- Frazer Capital & Co.
- Sale of Back Bay portfolio
- Massachusetts Clean Energy Technology Center
- Series A Preferred Stock Investment in 7AC Technologies, Inc.
- Apollo Security International, Inc. of Massachusetts and New York
- Stock sales to Universal Protection Service, LLC d/b/a Allied Universal Services
I-9 Goes Green
July 22, 2010
The Department of Homeland Security (DHS) issued a Final Rule today allowing employers to electronically sign and store I-9 Forms, doing away with the necessity of storing hard copy papers and files for each employee for years. It also clarified the regulations to state that I-9 Forms must be completed within three (3) business days, not calendar days, of the date employment begins.
Generally, every employer and recruiter or referrer for a fee must complete an I-9 Form to verify the identity and work eligibility of every new employee, including U.S. citizens. The regulations stated that the I-9 must be completed within three days, implying three calendar days. Today, the DHS clarified and amended the regulations to state that the employer has three business days to complete the I-9 Form.
In addition, recognizing that many employers are going “paperless,” DHS amended the regulations to allow employers to sign and store I-9’s electronically. Employers must still retain the electronic records for three years from the date of hire or one year after termination, whichever is later, and recruiters or referrers for a fee must retain the records for three years from the date of hire. In addition, the electronic system used must keep an audit trail of each time an I-9 is created, completed, updated, modified, altered or corrected, showing the date of access, the identity of the individual who accessed the electronic record, and the particular action taken.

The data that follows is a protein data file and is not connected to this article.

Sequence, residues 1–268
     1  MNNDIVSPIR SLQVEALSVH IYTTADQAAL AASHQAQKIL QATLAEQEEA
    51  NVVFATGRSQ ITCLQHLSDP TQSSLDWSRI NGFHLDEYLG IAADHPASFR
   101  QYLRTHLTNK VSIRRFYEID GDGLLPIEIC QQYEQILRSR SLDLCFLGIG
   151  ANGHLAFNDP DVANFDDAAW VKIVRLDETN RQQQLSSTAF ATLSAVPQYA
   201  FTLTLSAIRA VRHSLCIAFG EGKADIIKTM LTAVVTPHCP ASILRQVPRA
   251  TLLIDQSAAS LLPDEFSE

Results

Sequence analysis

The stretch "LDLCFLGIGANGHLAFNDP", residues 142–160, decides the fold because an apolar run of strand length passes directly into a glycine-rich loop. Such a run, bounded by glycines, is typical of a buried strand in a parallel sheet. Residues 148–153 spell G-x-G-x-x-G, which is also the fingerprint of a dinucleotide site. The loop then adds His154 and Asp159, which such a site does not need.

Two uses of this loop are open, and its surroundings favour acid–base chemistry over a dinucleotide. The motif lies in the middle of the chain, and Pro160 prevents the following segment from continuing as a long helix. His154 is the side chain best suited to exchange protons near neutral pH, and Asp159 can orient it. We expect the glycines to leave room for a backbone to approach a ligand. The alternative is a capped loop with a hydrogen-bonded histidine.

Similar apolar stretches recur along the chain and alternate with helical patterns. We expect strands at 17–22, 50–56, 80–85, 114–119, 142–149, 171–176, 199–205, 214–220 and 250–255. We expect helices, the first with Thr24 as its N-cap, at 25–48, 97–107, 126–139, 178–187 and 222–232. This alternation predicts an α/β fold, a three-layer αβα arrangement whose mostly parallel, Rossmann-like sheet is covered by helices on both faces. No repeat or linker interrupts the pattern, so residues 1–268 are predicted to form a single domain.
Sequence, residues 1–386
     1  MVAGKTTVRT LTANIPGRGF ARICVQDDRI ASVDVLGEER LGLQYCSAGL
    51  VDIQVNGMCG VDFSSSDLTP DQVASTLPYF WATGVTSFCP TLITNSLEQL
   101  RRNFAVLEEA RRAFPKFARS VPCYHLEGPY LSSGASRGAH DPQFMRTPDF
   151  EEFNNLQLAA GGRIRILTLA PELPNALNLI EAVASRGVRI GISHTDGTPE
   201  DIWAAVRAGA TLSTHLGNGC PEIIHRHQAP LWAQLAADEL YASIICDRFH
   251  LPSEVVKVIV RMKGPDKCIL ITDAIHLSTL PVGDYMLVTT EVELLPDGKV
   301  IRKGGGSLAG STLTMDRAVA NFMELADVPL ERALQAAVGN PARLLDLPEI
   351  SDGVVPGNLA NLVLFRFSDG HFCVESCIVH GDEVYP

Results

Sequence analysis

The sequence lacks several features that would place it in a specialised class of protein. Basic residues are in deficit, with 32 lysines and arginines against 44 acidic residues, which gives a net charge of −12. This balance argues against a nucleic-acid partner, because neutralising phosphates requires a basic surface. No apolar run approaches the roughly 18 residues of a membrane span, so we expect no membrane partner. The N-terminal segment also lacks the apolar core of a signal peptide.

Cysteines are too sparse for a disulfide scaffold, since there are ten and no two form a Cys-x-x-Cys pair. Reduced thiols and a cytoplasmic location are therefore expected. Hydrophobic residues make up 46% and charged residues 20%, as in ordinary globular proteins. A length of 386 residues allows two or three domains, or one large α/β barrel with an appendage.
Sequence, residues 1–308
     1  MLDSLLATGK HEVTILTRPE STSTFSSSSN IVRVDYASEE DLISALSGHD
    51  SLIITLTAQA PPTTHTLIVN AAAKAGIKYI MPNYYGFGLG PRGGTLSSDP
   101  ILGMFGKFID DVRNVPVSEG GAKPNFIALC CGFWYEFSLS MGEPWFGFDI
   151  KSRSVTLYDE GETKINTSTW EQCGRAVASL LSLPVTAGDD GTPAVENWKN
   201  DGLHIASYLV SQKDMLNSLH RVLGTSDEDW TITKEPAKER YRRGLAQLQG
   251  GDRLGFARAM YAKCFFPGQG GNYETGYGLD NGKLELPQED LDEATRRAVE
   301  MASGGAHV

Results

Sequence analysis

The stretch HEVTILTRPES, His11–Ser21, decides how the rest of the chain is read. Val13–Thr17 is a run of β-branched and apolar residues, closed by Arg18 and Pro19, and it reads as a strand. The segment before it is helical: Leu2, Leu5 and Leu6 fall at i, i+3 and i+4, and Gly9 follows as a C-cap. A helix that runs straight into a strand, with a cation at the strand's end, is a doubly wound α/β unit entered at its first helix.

If you have any questions or need additional information regarding this, please contact Berin S. Romagnolo in our Immigration and Employment Groups.
This Alert is provided for information purposes only, and does not constitute legal advice. According to Mass. SJC Rule 3:07, this material may be considered advertising. ©2010 Posternak Blankstein & Lund LLP. All rights reserved.